Adding GIS Requirements to XB PointStream

GIS Data rendered using XB PointStream

I’m currently working with XB PointStream, a WebGL tool which streams and renders 3D images in the browser. When Mickael Medel and I started working on this we were advised to keep the tool general since the problem of streaming mass amounts of points is present in several industries. By developing a generic solution for our client (Arius3D), we would be helping other industries as well.

We got started by setting up a Git hub repository, a Wiki page and a Lighthouse account. We worked in the open, filing issues on Lighthouse as we went. However, it was almost exclusively Mike and I commenting and managing the tickets.

We were surprised when someone posted a comment stating that our library was no longer rendering their data. This was great news for two reasons. Firstly because we had another person interested in the library (yay!). Secondly, the data Paul has isn’t the conventional point cloud data we are used to rendering. Instead of a small 3D image, he’s working with GIS data.

Arius3D did provide us with GIS data (pictured above) and it serves as a good demo, but it differs in terms of point count in relation to other systems. The scan above was probably done using a stationary LIDAR device. But what if the data was aerially scanned over a long distance and contained hundreds of millions of points? If a point cloud is never expected to fully download, our library would fail. This is the case with Paul’s data and his case introduces some new requirements.

New Requirements

To render potentially hundreds of millions of points in real-time, our library needs to not only stream large amounts of data, but also must discard or swap chunks of points when no longer needed.

Another interesting problem related to GIS data is how to color the points. Users may not just have colors for visible light, but may also have infrared data too. How can we add a feature which allows users to swap between color modes? We’ll need to work on fleshing out a use case and requirements for this.

Working with GIS data will give us new perspectives on rendering point clouds and will also give us the opportunity to add interesting features. Features which are useful yet will keep the library general.


Improving c3DL Performance

Last week Cathy asked me to come up with some ideas on how to speed up C3DL. Now we already have a few techniques which give us pretty good performance improvements like using typed arrays when possible or culling objects using bounding sphere/frustum tests. But there’s still a way to go in terms of speed.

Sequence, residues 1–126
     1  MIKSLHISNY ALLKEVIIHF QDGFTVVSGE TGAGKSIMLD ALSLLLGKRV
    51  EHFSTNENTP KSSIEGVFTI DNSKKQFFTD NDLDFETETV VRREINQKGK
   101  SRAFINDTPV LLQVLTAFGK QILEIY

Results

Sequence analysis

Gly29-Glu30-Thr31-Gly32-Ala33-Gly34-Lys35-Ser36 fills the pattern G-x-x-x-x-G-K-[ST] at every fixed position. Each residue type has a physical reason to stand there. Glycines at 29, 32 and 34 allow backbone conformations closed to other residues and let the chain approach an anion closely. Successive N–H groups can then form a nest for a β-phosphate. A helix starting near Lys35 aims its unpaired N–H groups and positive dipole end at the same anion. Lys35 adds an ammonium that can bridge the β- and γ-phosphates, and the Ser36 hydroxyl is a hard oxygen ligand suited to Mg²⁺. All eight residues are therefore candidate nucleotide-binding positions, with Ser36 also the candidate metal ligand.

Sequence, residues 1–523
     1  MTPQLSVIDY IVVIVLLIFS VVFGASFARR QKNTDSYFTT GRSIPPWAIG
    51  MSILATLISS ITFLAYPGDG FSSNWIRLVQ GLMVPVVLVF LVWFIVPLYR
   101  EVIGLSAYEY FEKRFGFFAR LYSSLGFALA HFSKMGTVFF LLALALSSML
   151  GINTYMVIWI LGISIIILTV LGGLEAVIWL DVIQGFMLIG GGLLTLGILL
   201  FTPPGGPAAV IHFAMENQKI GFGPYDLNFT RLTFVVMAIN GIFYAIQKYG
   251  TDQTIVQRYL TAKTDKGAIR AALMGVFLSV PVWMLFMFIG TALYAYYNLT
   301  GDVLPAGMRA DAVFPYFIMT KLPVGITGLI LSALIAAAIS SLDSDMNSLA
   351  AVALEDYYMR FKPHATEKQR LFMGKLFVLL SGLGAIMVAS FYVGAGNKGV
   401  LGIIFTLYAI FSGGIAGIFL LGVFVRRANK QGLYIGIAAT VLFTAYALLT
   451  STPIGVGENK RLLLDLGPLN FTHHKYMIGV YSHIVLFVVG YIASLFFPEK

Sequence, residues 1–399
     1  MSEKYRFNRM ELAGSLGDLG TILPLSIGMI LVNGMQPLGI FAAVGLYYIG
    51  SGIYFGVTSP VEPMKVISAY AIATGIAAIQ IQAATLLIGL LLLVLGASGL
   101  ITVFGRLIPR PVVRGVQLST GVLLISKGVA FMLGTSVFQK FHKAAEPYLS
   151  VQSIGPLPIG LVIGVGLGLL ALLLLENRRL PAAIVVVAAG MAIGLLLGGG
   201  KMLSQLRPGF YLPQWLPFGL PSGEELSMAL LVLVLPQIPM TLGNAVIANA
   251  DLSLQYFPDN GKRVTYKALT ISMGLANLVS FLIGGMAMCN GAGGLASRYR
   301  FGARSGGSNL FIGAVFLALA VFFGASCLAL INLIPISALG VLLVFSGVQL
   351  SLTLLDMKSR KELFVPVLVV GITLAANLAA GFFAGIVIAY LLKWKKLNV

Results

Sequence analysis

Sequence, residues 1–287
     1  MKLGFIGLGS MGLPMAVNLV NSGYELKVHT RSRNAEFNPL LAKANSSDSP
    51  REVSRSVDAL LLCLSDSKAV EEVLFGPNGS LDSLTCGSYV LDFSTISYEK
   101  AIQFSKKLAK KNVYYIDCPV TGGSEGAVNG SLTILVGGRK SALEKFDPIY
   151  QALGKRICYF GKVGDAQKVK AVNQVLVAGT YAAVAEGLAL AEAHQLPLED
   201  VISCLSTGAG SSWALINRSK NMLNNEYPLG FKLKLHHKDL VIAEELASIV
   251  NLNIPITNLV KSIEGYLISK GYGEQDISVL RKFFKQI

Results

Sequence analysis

I spent some time researching topics and thinking about different solutions to this problem and then I filed the following tickets which I thought would decrease rendering time.


One thing we can do make sure our code is on trace. There’s a few places in our library which Minefield can’t compile. This means there are parts of the library where every rendered frame interprets ‘slow’ JavaScript. We need to review these bits in our code and fix them. This would be a definite win since users don’t need to do anything to gain the benefits.


We can help user scripts stay fast by adding billboarding support. If a user wants to render a high-quality model far from the camera, they may be better off drawing a textured quad which orients itself towards the camera. This shouldn’t be difficult, we already have the this code in the particle system.

Discrete Level of Detail

Next, we could add support for discrete level of detail. Why render a high-quality detailed object far from the camera when it will only occupy a few dozen pixels on the canvas? If the user could provide versions of their model which range in detail, the library could switch between them as the camera approaches the object. The trade-off to this would be the noticeable ‘pop’ as the objects are switched. For this problem, we could implement a form of continuous level of detail, but this isn’t something we should consider soon.

Spatial Partitioning

Spatial partitioning can provide the library with useful high-level information about the scene to render. By splitting up the scene we could perform more hidden surface removal. Also, Since the scene would be sorted, we could reduce use of depth buffer reading and writing, improving performance….theoretically. I ran some tests for this, but I didn’t see any improvement.


Finally, we need to update our performance test benchmark script and integrate it into our release procedure. Keeping a log of performance results (and visualizing it with Processing.js?) will help us make sure future releases stay fast.

Of course, we shouldn’t limit ourselves to only these tickets. These are just some things I thought we could implement. We can (and should) look into other techniques such as portals, antiportals, pre-lit geometry, instancing, displacement mapping, occlusion culling, etc, etc, etc.